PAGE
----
A STAMPEDE IN A BLACKJACK THICKET
By S. C. Turnbo
An account of a wartime incident as told me by Mr. James Thomas who was born and reared in Green County, Missouri, gives some idea of the terrible encounters of those stormy days. Mr. Thomas in relating the event said that while he lived four miles northeast of Springfield, Missouri, "The United States forces kept a stage stand in one mile of our house and a detachment of soldiers was kept constantly on hand to guard the stage line and stand. The stage coaches were used in carrying the mails, dispatches and other matter that was indispensable and consequently it was necessary to be well protected by federal cavalry. On the early morning of June lst, 1863, I noticed 14 mounted men ride across the road beyond the corner of our field. They appeared, to be traveling in a very cautious manner. I knew from their appearance that they were not federal, Their uniforms and equipments were different from the northern men and I pronounced them to be southern men. Our family that were living were union in sentiment and as we lived within the federal lines I deemed it prudent as well as my duty to report my discovery to the authorities though I was not quite ten years old. As soon as the party passed from my view I went in haste to a party of federal soldiers and told them what I had seen and some of them reported it immediately to their commanding officer and without the loss of a minute he ordered a number of mounted soldiers to make an investigation. As I was the informant they told me to go along with them and show them the way and where I saw the party cross the road and I complied with their orders for I knew better than to refuse. When we reached that part of the road where I had observed the cavalcade of men cross it the federal soldiers took up their trail and followed it to the edge of a blackjack thicket where the officer in charge of the soldiers halted his men and sent forward a few men on foot to reconnoitre the location of the enemy for it was presumed that they were concealed in the thicket until such time as they saw fit to come out to make an attack on the stage stand for the purpose of robbery. The detail of soldiers were instructed to be cautious and make as little noise as possible and locate the party and the men went on and gradually made their way through the thick grove of blackjacks and discovered them in a place where they were well shadowed by the thick clusters of blackjacks. They had all dismounted and were lounging around in the shade of the trees. some were lying down, others sitting up. Guns and equipments were lying scattered around in the grass. Their horses were turned loose to graze and were scattered here and there. They were certainly very careless and this neglection was their doom. They were so derelict that the reconnoitering party approached them near enough to make a minute detail of their carelessness without being discovered and after they had made all the investigation necessary they crept back to the main force and made their report which surprised the officer and men for they were convinced now that their carelessness indicated that they were not regular confederate soldiers but a band of guerrillas and robbers and were waiting until night to make a dash for spoils. The commander ordered all the men to dismount and leaving two or three men to take charge of the horses he lead his force into the thicket and after working their way through carefully and silently they came up near where the enemy were still displaying their ignorance and carelessness. The federals were ordered to fire a volley at the men and charge them which they did killing five men and wounding others. The survivors that were able fled in dismay nearly all of them leaving their horses, guns and equipments. It was a stampede of those that were left that were able to retreat and made their escape. The victors collected the horses together and the guns and saddles that were of value were gathered up and the wounded cared for. The federal soldiers did not tarry any longer than necessary for fear that other forces of the enemy might be nearby and attack them and lose what they had gained and taking the wounded with them they returned back to camps and a detail of men was sent back with tools to bury the dead and on arriving on the scene they dug a short and shallow trench and they carried the dead men and placed them down In it then they out off a lot of small blackjack brush and leaves and layed them on the dead forms and covered them over with dirt. One of the detail who helped to bury the dead was a tall fellow named George Smith and was a very wicket man and after they had buried the bodies and were preparing to leave this man Smith pointed his finger at the filled up trench where the dead men lay cursed them and says., "Lay there and take a nap till the woods burns and we will burn you with it." Among the wounded was a small lad of a boy who said that the party were guerrillas and they had him along with them for a waiter. This boy after recovering from his wounds enlisted in the federal army."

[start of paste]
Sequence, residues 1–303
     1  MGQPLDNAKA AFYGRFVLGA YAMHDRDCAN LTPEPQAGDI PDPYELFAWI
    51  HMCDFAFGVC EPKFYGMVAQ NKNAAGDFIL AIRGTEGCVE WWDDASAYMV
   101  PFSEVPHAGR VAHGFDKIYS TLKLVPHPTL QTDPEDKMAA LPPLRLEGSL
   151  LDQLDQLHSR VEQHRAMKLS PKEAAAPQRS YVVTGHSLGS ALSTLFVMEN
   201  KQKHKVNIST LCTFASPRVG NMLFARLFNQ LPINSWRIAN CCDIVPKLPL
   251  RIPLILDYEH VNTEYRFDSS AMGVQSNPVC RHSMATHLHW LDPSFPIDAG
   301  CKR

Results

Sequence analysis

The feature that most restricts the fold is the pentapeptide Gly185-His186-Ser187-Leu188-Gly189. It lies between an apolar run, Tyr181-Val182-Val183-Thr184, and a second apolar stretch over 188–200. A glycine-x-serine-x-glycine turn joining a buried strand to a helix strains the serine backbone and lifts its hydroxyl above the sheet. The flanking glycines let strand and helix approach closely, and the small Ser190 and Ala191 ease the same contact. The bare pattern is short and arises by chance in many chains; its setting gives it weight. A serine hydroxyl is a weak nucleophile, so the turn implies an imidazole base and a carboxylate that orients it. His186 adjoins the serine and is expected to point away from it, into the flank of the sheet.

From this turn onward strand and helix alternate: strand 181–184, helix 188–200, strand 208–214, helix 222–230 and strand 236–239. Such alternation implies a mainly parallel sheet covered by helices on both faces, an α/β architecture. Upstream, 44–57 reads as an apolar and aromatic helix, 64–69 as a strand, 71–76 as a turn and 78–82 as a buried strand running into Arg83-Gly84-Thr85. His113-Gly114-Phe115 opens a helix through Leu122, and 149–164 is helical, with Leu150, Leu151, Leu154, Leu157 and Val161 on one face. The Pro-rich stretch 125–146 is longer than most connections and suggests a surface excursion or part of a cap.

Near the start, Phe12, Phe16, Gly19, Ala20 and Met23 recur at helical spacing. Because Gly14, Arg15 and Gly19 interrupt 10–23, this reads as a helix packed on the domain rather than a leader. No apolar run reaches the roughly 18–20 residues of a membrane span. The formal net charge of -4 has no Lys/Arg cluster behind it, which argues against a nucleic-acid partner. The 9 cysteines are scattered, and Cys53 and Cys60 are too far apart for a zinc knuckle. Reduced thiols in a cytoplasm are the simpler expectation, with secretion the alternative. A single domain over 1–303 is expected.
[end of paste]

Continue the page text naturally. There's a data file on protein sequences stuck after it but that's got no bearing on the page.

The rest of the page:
Springfield-Greene County Library